First published in 1974 in Kenneth Rosen's anthology, The Man to Send Rain Clouds: Contemporary Stories By American Indians, ''Yellow Woman'' has subsequently appeared in Leslie Marmon Silko's 1981 work, Storyteller, a collection of poems, stories and photographs. ''Yellow Woman'' tells the story of a young Laguna Pueblo woman who temporarily goes off with a strange man she meets on a walk along the river. The woman is swept up in the traditional Keresan myth of Kochininako, the Yellow Woman, who left her tribe and family to wander for years with the powerful ka'tsina, or spirit, Whirlwind Man. The story features a compelling blurring of the boundaries between myth and everyday experience, between contemporary Native American life and ancient myths.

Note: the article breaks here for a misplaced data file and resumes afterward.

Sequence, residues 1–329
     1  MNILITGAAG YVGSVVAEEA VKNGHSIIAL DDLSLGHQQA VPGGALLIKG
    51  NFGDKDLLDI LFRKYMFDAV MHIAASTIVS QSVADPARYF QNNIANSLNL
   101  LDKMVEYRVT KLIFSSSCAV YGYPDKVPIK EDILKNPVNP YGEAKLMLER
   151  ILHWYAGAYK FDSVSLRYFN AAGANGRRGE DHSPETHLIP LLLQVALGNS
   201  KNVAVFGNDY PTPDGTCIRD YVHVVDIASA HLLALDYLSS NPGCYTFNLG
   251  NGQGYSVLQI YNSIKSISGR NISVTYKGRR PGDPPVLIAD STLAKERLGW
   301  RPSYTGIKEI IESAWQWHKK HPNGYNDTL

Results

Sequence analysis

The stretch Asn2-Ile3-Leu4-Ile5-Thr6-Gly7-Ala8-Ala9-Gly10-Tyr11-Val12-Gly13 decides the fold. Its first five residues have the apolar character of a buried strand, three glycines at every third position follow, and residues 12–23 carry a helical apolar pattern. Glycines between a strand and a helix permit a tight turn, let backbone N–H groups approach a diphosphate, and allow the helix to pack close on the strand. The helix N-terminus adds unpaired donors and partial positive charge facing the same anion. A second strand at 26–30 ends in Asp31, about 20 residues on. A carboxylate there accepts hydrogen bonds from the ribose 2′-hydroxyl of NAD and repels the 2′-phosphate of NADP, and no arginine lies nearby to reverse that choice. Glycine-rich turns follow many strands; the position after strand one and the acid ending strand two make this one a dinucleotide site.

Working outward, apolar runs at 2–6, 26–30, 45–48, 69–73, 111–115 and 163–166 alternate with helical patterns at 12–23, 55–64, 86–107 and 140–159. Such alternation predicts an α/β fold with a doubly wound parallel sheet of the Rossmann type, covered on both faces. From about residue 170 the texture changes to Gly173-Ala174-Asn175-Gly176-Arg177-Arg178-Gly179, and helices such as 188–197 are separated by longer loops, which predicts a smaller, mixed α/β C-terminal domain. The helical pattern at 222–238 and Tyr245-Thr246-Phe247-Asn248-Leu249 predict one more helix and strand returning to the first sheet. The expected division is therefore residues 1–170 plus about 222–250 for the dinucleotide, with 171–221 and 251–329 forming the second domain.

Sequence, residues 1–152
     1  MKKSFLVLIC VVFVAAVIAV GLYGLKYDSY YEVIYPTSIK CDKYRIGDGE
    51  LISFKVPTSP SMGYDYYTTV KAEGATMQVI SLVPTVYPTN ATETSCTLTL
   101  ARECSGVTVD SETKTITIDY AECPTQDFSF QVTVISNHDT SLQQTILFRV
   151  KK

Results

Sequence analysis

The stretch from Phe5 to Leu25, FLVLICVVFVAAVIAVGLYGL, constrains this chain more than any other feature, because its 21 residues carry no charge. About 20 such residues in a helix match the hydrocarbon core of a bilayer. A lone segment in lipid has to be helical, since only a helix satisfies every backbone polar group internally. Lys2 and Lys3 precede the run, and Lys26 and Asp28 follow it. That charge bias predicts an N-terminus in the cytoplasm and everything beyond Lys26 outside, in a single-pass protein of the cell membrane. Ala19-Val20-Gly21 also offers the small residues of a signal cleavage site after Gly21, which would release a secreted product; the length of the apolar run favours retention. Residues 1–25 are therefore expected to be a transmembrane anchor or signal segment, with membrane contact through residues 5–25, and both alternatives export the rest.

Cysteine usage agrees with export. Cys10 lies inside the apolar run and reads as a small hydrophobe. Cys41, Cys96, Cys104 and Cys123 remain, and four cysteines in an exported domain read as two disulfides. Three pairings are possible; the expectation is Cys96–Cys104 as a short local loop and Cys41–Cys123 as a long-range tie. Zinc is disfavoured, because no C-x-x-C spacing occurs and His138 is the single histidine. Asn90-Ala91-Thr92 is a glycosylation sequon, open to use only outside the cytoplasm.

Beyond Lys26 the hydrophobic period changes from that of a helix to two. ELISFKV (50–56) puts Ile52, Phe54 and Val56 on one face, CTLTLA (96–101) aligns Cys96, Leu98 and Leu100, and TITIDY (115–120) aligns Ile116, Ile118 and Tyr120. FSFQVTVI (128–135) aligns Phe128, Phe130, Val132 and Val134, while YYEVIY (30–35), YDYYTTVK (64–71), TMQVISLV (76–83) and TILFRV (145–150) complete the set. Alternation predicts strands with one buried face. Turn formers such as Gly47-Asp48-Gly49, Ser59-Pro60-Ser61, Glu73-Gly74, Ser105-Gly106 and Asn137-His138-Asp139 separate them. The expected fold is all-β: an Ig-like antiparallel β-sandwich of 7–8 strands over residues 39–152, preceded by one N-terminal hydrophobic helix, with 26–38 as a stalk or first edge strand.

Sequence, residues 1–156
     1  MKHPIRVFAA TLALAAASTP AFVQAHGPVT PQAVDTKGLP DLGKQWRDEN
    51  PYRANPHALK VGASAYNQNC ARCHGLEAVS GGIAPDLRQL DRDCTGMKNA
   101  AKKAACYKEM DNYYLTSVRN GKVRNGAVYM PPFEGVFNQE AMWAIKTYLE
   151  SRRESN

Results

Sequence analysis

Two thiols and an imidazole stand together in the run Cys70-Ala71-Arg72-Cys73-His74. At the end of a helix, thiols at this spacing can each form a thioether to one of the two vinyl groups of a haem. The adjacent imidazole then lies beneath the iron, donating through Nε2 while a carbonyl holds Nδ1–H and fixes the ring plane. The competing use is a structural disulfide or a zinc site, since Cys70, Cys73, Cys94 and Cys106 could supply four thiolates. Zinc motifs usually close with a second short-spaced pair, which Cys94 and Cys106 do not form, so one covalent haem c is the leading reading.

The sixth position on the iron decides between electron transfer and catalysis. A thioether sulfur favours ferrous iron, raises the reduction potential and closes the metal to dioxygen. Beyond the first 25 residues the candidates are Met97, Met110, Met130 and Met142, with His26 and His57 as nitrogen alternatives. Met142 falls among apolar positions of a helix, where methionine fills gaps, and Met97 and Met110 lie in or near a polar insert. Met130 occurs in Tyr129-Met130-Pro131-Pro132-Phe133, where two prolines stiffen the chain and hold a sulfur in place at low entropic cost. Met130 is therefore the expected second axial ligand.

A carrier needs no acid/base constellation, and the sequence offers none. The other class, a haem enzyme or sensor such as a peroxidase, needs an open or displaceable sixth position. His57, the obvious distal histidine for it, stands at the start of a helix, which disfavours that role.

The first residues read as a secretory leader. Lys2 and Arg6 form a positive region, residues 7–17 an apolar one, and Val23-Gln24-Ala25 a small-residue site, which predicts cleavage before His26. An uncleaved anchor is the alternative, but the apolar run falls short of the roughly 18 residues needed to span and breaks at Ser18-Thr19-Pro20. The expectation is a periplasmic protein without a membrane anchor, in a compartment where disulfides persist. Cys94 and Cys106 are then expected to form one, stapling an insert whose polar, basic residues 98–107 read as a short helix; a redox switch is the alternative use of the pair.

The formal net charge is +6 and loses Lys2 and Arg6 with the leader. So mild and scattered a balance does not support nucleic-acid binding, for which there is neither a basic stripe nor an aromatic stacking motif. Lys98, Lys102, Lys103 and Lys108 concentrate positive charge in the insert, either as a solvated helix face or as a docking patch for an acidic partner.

In Kenneth Rosen's anthology, The Man to Send Rain Clouds, ‘‘Yellow Woman’’ was published to stand alone. In Storyteller, Silko surrounds ‘‘Yellow Woman’’ with additional poems and stories that further elucidate Yellow Woman's relationship to the land, the spirits that pervade it and the stories that derive from it. Bernard Hirsch writes in American Indian Quarterly that ‘‘this multigeneric work lovingly maps the fertile storytelling ground from which her art evolves and to which it is here returned—and offering to the oral tradition which nurtured it.’’ In conjunction with the other works included in Storyteller, ‘‘Yellow Woman’’ manages to both recreate and comment upon the oral traditions that have sustained the Laguna Pueblo community.